Combination psychotherapy and antidepressant medication treatment for depression: for whom, when, and how

Annu Rev Psychol. 2014;65:267-300. doi: 10.1146/annurev.psych.121208.131653. Epub 2013 Sep 13.

Abstract

Major depressive disorder (MDD) is among the most frequent and debilitating psychiatric disorders. Efficacious psychotherapy and antidepressant medications have been developed, and two-thirds of depressed patients respond to single-modality treatment; however, only about one-third of patients remit to single-modality treatments with no meaningful differences in outcomes between treatment types. This article describes the major clinical considerations in choosing between single-modality or combination treatments for MDD. A review of the relevant literature and meta-analyses provides suggestions for which treatment to use for which patient and when each treatment or combination should be provided. The review summarizes the moderators of single-modality and combination-treatment outcomes. We describe models of mechanisms of treatment efficacy and discuss recent treatment-specific neurobiological mechanisms of change.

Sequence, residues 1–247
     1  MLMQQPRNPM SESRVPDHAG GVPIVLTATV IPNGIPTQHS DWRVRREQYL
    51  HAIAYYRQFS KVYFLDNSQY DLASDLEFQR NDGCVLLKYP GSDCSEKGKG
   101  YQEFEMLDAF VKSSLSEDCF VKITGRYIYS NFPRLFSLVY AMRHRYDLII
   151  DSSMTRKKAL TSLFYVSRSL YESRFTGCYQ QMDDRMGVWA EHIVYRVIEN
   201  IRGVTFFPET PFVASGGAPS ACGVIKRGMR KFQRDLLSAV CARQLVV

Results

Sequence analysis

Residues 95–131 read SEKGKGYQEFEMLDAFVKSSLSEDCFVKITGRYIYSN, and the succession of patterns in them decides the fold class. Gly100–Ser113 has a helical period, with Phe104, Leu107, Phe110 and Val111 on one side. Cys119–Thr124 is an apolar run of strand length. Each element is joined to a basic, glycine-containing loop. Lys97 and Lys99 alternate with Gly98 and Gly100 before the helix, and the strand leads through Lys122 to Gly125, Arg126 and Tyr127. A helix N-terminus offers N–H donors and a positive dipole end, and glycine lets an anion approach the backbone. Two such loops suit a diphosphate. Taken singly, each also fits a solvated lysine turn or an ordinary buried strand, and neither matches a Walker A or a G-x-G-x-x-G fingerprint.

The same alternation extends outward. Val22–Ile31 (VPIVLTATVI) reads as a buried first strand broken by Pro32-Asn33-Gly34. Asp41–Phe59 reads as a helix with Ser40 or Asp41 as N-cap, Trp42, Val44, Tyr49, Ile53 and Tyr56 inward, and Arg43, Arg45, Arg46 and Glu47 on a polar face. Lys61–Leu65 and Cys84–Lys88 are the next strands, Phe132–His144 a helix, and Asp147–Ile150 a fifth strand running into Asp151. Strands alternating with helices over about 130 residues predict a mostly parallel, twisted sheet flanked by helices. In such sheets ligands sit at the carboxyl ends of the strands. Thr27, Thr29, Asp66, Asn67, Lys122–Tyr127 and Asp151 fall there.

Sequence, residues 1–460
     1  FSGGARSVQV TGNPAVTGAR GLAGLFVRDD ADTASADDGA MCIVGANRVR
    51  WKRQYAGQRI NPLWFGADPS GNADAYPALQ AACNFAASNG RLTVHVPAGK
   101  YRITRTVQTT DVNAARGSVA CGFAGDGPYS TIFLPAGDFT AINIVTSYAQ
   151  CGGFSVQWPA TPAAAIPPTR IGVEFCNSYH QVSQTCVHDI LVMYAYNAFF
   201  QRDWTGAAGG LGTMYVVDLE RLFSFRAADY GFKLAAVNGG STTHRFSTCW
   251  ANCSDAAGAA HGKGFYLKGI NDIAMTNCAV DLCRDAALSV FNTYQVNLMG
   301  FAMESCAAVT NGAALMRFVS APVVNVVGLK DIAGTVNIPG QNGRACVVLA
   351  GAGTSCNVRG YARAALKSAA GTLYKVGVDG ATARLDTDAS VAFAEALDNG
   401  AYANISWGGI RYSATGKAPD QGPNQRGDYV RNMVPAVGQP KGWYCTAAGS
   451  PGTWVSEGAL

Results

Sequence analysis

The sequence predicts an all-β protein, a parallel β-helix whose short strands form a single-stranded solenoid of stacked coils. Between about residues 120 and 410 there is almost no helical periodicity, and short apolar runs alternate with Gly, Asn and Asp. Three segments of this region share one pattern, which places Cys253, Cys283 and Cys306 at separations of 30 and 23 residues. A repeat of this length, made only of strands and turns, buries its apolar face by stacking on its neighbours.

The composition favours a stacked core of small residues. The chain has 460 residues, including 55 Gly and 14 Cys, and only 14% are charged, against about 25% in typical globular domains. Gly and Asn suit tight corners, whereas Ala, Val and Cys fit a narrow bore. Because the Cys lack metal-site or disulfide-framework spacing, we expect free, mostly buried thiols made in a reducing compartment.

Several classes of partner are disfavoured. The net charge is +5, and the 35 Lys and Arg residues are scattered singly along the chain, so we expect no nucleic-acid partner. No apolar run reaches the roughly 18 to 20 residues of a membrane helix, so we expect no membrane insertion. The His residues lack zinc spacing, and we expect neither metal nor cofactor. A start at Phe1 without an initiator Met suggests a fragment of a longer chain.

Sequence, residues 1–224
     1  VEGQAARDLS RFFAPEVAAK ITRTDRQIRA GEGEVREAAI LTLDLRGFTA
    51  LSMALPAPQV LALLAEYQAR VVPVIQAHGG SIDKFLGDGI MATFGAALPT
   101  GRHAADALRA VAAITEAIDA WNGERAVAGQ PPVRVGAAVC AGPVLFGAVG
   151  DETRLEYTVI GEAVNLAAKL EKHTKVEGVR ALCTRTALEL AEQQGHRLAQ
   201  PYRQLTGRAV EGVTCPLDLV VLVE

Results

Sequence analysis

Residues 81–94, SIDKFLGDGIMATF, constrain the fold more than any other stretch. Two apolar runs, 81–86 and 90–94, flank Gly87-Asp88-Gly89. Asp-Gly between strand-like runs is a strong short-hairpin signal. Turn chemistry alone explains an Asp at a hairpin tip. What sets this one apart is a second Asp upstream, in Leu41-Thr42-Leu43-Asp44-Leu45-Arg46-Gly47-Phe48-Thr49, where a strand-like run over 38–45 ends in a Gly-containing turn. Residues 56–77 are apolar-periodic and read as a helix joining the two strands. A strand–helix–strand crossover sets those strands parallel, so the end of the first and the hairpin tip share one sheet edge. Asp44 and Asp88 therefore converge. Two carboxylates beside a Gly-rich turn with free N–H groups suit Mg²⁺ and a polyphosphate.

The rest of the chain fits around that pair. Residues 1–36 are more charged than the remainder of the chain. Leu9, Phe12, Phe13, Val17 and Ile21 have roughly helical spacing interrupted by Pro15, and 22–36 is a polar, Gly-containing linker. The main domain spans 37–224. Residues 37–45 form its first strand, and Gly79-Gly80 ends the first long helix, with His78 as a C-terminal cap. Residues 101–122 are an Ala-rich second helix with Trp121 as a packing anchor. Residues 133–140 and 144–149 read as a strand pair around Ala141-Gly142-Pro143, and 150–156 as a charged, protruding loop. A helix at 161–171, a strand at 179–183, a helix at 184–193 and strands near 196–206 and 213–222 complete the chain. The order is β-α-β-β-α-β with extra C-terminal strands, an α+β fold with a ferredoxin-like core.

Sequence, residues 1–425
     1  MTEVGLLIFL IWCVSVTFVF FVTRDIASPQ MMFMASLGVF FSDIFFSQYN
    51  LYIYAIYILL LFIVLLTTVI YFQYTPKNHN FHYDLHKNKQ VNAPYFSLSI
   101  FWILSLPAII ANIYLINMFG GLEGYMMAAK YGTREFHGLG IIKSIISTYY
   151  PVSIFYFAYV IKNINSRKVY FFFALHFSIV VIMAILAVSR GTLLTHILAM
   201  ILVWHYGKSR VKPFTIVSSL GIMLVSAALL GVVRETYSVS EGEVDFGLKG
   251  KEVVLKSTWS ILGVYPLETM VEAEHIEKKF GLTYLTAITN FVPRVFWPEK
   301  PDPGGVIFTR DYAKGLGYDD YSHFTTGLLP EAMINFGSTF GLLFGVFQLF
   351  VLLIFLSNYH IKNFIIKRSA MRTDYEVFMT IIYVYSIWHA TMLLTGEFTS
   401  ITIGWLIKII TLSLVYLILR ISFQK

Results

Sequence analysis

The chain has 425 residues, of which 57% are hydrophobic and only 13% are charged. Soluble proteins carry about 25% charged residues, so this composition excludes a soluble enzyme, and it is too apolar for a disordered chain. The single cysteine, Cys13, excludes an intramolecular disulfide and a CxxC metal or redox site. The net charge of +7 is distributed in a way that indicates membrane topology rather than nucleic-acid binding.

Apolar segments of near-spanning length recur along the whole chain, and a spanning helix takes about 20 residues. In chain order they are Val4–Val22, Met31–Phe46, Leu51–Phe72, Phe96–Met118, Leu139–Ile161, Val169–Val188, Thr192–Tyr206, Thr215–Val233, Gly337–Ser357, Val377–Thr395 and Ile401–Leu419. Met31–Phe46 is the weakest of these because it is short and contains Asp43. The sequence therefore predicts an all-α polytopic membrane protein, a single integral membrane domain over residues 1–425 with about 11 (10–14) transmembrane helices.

Publication types

  • Research Support, N.I.H., Extramural
  • Research Support, Non-U.S. Gov't
  • Review

MeSH terms

  • Antidepressive Agents / therapeutic use*
  • Combined Modality Therapy
  • Depressive Disorder, Major / drug therapy
  • Depressive Disorder, Major / psychology
  • Depressive Disorder, Major / therapy*
  • Humans
  • Patient Selection
  • Psychotherapy*
  • Treatment Outcome

Substances

  • Antidepressive Agents